Oh, I might also mention that my current (coding) project is to rewrite my whole engine in OpenGL 4.5 and GLSL. I'm about 20% done. Hopefully, I'll have code to post, if not a video explaining it, by this fall. I'm in an art program to learn to do game art right now, and that's consuming the vast majority of my time though.

 

And the only reason you need a face/triangle normal is to figure out what your vertex normals are. After that, you can throw them away unless you have a special use case. My custom model format is called PUNC (Position, UV, Normal, Color) because that's the vertex data it includes. UV for textures which means you may not use or need the color (it tends to be one or the other). And a vertex normal. That's enough vertex data to do pretty much anything starting out.

Edited by BBeck

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How do you write an exporter? I suppose there is some API which gives you access to all the data of model in the editor program, but can i do it in c++ ?

 

Decided to create standalone c++ converted from .obj to my format. The only concern now are skeletons now :)

Edited by QQemka

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How do you write an exporter? I suppose there is some API which gives you access to all the data of model in the editor program, but can i do it in c++ ?


Depends on the model editor. Maya is primarily Python for instance but also supports C++ plugins.

You don't need an _exporter_ per se, either. You can also just write a converter. Most engines have a corresponding "asset conditioning pipeline" that takes various source assets and converts them into runtime-ready versions. This might compress textures, convert XML files into binary formats, and of course convert model formats into the engine's native format. These tools either need to be run manually or are automatically invoked on file changes or when the engine tries to load an asset (during development).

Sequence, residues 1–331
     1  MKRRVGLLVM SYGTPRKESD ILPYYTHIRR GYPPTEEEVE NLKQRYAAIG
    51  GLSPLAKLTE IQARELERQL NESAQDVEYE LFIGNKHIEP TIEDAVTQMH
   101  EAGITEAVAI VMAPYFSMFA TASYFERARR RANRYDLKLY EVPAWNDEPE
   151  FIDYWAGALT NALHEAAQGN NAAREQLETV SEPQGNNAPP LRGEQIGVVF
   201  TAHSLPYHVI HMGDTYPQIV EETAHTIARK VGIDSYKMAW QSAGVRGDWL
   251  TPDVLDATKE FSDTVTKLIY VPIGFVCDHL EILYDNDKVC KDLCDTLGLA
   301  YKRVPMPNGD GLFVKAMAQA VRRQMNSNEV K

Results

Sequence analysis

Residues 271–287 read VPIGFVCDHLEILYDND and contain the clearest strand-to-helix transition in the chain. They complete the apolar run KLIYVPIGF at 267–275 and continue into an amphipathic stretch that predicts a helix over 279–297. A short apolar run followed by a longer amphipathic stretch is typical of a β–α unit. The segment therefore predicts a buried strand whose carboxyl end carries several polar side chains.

So far as all of your earlier questions about how to format the data, the answer is to format _precisely_ how you use it in your rendering code. That is, your model format's mesh data should be copied unmodified from disk into your GPU memory with just some validation and metadata on the side. Whatever format your data takes in vertex/index buffers is the format the data should take on disk. Does your renderer use faces? No, no it doesn't, hence your format does not use faces, and so on.

Same goes for skeletons. What is the actual format you store skeleton data in memory? Is it just a big array of bone offsets? If so, that's all your skeleton format should be. For rendering skinned meshes, what extra vertex data do your meshes need? That data - in its exact format - is what goes in your custom model format.

The only reason to even _have_ a custom format is to make things go faster. Otherwise you'd just load directly from some popular format like FBX or DAE (which the Open Asset Importer Library can do for you).

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Thats exactly how i see these things. Already finished converter from obj files to my format :)

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Thats exactly how i see these things. Already finished converter from obj files to my format :)

 

I have to wonder, if this is your approach why use a custom converter at all and not just stick with obj format and write an importer for your game/engine? Obj might not support everything you want but at that point you would have to drop out the obj step altogether and write an exporter for your desired modelling application. Blender uses python so you could easily write an exporter using that (if Blender is your thing).

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Thats exactly how i see these things. Already finished converter from obj files to my format :)

 

I have to wonder, if this is your approach why use a custom converter at all and not just stick with obj format and write an importer for your game/engine? Obj might not support everything you want but at that point you would have to drop out the obj step altogether and write an exporter for your desired modelling application. Blender uses python so you could easily write an exporter using that (if Blender is your thing).

 

 

Because of load time. My format is fully binary, the reader just goes through and instantly loads the mesh, got all the info ready. If i were using obj i would have to go through the ascii text, then count vertex normals everytime i load the mesh etc etc

Edited by QQemka